County Cricket Council


County Cricket Council

The County Cricket Council was a short lived body intended to regulate county cricket in England. It existed from 1887 to 1890.

The Council was the brain-child of Lord Harris. In November 1886 he had sent a letter to the County Secretaries asking the question as to whether the existing two year qualification rule should be reduced to one year. Under this rule players who changed counties generally had to serve a two year residence qualification in their new county during which they were unable to play inter-county matches for either county. The proposal was defeated at the annual Secretary's meeting in December 1886, but at the same meeting it was agreed that a committee be set up to consider the rules of county cricket generally. At a meeting in July 1887, at which the report of the committee was considered, it was agreed that a County Cricket Council be formed. It was further agreed that the existing committee frame the by-laws of the new Council.

The first meeting on the Council was on 5 December 1887 at which Lord Harris was elected Chairman. Nothing specific was agreed at this meeting but at a further meeting on 8 February 1888 a change to the hours of play was agreed, as was a proposal regarding a change in the lbw law. Since the M.C.C. decided the laws this was no more than a suggestion. A proposal abolishing boundaries in favour of all hits run out was defeated.

At the December 1888 meeting a number of proposals relating to the qualification rules were considered but were not carried.

At the December 1889 meeting a proposal by Durham regarding the classification of the counties and a system of promotion and relegation was considered. A committee was set up to consider the issues. The committee proposed three tiers of counties; the existing 8 first class counties, 8 second-class counties and a further 8 third-class counties. It proposed a system of promotion and relegation involving the bottom team of one division playing the top team in the lower division. They would play each other home and away in the following season, the results determining whether the two changed places. Any change would take place in the following season, promotion would therefore take two years.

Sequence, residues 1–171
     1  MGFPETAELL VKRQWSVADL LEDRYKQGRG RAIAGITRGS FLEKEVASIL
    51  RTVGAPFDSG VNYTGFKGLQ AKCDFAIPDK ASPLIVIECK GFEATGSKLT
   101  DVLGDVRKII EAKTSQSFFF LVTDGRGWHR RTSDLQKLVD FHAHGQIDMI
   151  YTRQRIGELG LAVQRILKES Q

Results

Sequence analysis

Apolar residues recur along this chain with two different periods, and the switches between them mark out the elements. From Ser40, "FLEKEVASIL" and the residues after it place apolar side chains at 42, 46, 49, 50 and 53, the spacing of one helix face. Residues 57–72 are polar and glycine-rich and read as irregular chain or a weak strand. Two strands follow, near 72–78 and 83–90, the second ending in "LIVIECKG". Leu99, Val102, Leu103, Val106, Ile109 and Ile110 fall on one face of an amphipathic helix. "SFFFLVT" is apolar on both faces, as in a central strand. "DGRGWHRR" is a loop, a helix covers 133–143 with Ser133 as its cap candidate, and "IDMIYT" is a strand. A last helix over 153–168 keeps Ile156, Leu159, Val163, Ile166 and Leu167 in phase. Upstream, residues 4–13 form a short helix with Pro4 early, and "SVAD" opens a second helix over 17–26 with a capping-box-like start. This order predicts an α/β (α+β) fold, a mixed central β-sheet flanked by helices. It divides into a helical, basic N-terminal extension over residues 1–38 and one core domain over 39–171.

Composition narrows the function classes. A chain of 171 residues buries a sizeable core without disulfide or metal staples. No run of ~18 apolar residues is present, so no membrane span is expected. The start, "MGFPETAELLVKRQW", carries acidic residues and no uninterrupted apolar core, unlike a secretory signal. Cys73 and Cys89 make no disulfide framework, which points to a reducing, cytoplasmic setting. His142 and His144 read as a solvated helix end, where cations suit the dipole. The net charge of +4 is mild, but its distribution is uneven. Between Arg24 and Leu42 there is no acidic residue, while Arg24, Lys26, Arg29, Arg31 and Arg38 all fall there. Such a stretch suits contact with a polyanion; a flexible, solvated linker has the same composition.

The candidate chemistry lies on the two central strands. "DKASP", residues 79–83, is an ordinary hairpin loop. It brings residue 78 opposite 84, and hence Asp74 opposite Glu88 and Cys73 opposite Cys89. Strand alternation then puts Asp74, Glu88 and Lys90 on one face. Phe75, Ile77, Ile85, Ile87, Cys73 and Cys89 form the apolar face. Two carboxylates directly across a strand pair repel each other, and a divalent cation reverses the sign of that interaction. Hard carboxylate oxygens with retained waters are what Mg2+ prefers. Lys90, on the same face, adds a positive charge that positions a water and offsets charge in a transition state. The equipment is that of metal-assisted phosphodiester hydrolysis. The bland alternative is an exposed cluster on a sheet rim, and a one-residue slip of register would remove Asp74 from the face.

These proposals were considered at the fourth annual meeting of the Council in December 1890. They were not well received. Eventually a vote was taken on whether The Cricket Council itself should be suspended sine die. The motion was passed on the casting vote of the Chairman, Mr M.J. Ellison, and The Cricket Council effectively ceased to exist. "This utterly unexpected result fairly took those present by surprise, and they dispersed hurriedly - a most undignified ending to what we are compelled to describe as a most unbusinesslike meeting."[1]

On the following day, 9 December 1890, the county secretaries met to decide the fixtures for 1891. Since the Council had collapsed and no proposal had been passed the counties arranged their fixtures on the old basis of arranging "home and home" matches against whichever counties they wished. "The most noticeable feature ... is the encouragement given to Somersetshire by the chief county clubs. Middlesex played the western shire last summer, but Kent, Surrey, Yorkshire, Gloucestershire and Lancashire will next summer test the merits of the eleven, which showed such good all round cricket, under Mr. H.T. Hewett's command, last year." By arranging these 12 matches against first-class counties Somerset became a de facto first-class county without any proposal or vote to that effect.[2]

References

  1. ^ Cricket: A Weekly Record of the Game. 1890. pp. 468–469. 
  2. ^ Cricket: A Weekly Record of the Game. 1890. p. 474. 

Bibliography

Wynne-Thomas, Peter. County Cricket Council in The Cricket Statistician No. 66 (Summer 1989). pp. 43–48. 


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